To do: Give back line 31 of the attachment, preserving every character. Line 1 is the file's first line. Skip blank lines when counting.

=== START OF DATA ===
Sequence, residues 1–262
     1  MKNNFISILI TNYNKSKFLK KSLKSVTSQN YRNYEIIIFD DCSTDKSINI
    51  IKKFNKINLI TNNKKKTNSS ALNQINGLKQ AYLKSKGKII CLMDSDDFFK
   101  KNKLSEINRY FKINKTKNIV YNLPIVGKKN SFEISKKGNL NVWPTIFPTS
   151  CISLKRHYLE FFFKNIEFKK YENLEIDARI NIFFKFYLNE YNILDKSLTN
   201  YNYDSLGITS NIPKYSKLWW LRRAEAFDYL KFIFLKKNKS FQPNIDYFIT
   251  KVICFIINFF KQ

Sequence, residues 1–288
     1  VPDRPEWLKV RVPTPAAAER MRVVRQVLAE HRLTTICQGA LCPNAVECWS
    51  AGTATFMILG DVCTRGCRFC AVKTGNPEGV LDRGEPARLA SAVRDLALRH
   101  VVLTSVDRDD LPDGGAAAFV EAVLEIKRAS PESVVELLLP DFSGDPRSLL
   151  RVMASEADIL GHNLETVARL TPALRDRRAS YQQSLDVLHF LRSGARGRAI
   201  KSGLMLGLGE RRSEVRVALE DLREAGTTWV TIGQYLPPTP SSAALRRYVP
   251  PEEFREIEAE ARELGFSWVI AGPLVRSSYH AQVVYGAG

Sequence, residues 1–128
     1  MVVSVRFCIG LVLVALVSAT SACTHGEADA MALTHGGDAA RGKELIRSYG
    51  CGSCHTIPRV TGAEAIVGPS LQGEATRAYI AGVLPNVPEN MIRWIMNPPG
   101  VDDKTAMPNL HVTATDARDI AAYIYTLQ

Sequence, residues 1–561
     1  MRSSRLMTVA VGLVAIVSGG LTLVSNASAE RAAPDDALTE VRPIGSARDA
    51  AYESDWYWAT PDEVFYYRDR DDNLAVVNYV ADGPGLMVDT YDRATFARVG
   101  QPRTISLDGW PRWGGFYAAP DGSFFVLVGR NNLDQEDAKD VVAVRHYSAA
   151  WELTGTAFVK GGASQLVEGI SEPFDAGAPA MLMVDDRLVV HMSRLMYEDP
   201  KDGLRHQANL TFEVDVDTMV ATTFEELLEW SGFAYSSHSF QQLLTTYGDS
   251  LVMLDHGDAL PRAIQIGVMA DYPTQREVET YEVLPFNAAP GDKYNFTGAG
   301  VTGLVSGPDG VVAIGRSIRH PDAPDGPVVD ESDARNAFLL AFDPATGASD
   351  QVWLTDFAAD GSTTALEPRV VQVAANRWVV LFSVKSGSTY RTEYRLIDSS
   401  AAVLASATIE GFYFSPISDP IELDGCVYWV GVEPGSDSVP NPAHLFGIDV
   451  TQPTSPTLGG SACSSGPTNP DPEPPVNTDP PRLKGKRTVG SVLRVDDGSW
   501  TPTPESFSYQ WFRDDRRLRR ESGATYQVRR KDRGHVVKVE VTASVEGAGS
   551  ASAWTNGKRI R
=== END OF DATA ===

   551  ASAWTNGKRI R